RED SPRINGS — The Red Springs Board of Commissioners on Tuesday learned that two proposed fixes for issues with the town’s drainage ditch near Layton and Thurlow streets were not affordable.
The elevation difference between the ditch and the lake it drains into isn’t steep enough to allow the water to flow efficiently. The ditch and the areas around it have been flooding during heavy rainfall.
Town Manager David Ashburn brought the proposals to the board in February. One option involved the installation of a pump station to facilitate the flow to the lake, and the other involved channeling it down the Old Maxton Highway and into the same lake.
Ashburn on Tuesday said that the estimates were more than $1 million for each project, exceeding the available $340,000 hazard mitigation grant. Both options were dismissed.
Ashburn recommended that the town take steps to improve the storm drains and sewer system in the area. He suggested purchasing a truck for $200,000 that would include an extensive hose system to be used for cleaning out storm drains.
The truck would enable consistent maintenance of drainage systems around the town.
“We’re not only going to maintain Thurlow, we’re going to maintain the city much better,” Ashburn said.
The board discussed whether to purchase the truck new or used, but Ashburn said a new vehicle is the best option because it would come with a warranty.
No action was taken.
Ashburn also suggested using money from the town electrical fund to pave Thurlow Street. He said the project will be eligible for a $129,525 reimbursement from FEMA.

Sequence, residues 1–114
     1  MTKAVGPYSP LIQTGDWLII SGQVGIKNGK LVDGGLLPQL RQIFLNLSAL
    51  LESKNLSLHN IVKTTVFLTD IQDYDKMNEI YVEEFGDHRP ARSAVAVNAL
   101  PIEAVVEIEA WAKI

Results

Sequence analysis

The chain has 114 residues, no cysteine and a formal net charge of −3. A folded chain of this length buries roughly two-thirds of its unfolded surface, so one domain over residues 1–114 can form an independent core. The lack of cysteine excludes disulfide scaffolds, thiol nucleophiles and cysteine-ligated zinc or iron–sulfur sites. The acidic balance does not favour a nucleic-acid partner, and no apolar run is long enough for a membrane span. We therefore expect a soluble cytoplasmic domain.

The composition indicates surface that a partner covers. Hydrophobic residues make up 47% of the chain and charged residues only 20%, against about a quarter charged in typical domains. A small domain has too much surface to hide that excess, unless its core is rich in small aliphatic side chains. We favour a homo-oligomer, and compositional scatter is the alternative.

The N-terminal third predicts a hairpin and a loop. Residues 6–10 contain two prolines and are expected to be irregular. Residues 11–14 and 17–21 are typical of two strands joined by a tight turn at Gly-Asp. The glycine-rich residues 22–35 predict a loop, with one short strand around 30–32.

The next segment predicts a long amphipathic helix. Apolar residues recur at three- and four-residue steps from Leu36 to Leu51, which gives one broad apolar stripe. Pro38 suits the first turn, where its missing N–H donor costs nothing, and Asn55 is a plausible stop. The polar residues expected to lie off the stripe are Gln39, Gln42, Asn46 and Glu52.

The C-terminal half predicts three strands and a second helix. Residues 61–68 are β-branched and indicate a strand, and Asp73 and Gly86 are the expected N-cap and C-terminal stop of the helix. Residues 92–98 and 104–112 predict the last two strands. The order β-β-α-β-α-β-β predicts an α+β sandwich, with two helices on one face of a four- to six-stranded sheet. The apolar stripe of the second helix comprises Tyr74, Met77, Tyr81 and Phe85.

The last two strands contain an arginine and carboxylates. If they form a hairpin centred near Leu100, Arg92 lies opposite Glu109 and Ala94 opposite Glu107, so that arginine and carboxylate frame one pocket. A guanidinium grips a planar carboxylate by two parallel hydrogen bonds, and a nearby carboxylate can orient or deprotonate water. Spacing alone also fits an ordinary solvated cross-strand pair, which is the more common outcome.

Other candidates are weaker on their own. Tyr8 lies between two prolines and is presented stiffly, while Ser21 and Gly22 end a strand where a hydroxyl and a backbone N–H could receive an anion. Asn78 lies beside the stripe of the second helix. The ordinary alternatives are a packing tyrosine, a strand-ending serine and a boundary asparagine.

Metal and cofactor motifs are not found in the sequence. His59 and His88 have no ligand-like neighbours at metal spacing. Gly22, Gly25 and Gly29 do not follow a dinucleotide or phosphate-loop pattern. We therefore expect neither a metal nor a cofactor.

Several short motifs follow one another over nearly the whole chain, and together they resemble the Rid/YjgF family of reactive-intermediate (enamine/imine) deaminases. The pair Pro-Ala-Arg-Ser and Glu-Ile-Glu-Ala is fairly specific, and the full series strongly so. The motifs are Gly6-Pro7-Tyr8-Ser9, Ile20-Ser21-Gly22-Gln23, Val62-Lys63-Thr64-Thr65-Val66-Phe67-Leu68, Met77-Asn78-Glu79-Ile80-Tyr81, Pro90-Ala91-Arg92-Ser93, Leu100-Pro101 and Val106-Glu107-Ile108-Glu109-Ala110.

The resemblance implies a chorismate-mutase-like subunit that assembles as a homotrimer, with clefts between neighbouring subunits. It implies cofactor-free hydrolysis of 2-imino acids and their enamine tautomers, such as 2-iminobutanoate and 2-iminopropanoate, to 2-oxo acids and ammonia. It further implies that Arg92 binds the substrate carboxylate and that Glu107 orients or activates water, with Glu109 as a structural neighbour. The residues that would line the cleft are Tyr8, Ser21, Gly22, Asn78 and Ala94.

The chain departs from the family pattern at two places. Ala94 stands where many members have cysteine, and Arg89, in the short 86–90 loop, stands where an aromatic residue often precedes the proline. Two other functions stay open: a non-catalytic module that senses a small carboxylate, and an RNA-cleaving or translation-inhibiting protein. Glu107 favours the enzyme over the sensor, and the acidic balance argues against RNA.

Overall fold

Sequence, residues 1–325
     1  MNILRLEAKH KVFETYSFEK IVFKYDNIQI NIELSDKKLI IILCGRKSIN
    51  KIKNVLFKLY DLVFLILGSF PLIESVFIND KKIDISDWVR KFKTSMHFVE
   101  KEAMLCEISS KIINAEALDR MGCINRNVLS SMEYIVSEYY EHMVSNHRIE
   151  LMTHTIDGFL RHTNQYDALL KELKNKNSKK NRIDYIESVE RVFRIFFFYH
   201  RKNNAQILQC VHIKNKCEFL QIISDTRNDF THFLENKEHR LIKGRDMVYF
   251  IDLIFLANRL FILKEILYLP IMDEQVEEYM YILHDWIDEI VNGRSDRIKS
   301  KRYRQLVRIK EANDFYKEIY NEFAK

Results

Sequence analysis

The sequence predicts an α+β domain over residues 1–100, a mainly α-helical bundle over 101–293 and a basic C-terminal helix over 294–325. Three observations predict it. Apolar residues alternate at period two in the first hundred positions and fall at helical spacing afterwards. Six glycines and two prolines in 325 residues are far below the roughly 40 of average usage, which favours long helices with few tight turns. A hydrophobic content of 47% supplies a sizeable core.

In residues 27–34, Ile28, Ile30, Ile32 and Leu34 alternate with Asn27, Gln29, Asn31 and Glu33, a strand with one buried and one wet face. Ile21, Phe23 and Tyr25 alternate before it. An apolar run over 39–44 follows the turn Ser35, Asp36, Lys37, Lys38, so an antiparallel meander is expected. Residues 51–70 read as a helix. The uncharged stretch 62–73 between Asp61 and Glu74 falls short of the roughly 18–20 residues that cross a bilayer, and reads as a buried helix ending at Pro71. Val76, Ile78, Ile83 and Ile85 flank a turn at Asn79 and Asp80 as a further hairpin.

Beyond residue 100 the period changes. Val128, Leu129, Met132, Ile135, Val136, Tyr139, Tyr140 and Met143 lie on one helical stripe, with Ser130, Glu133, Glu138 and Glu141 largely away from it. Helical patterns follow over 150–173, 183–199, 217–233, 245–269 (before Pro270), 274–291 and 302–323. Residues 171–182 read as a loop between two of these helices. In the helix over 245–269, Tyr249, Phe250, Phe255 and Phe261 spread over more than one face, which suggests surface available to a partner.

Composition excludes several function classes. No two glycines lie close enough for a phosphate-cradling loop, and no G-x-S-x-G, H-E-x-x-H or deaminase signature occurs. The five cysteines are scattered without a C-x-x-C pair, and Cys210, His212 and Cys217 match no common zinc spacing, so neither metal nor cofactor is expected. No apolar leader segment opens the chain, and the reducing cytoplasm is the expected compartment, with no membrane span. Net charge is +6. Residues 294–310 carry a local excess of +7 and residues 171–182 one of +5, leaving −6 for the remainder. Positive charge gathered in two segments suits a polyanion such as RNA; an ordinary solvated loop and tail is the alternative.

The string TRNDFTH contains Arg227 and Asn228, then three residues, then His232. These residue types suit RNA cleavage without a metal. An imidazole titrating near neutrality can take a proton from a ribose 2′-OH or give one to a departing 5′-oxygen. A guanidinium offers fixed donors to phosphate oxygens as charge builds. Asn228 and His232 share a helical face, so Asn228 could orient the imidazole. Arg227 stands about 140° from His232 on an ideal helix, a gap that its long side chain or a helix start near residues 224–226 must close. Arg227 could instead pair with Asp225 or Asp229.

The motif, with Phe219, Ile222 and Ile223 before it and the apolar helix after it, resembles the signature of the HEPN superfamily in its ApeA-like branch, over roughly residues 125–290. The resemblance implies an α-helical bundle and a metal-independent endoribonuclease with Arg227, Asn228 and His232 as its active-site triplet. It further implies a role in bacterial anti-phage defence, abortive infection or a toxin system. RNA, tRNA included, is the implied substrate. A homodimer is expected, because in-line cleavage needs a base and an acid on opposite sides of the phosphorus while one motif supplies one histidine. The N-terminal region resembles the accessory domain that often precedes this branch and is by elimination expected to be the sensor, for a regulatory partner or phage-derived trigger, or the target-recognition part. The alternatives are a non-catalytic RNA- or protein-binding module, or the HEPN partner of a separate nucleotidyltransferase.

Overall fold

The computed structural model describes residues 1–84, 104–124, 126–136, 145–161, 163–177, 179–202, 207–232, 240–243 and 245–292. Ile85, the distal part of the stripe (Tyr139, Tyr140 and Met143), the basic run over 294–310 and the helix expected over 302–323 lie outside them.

In other business, the board:
— Witnessed the swearing in of Heather Hunt, the town’s finance director. Mayor Edward Henderson was sworn in as the town’s representative for the North Carolina Eastern Municipal Power Agency. District Judge Herbert Richardson conducted both ceremonies.
— Received an update on the installation of a retaining wall at the town’s waste treatment plant. Ashburn said the contractor working on the wall hit a water line during the construction process. The contractor agreed to repair the damage and upgrade the water line at no cost, while the town would continue to provide manpower for the project.
— Voted to approve the purchase of an alarm system for $825 to be installed at the new concession stand at Chavis and Locklear Park. The board also approved moving the building’s combined heating and air conditioning unit away from the concession stand’s window.
— Voted to installing Badger water meters. The new meters would not disrupt water service during the installation process and would provide greater accuracy than the current meters. The project’s overall cost is approximately $220,000, and would be funded partially by a transfer from the city’s electric fund.
Reach Brandon Tester at 910-816-1989 or [email protected]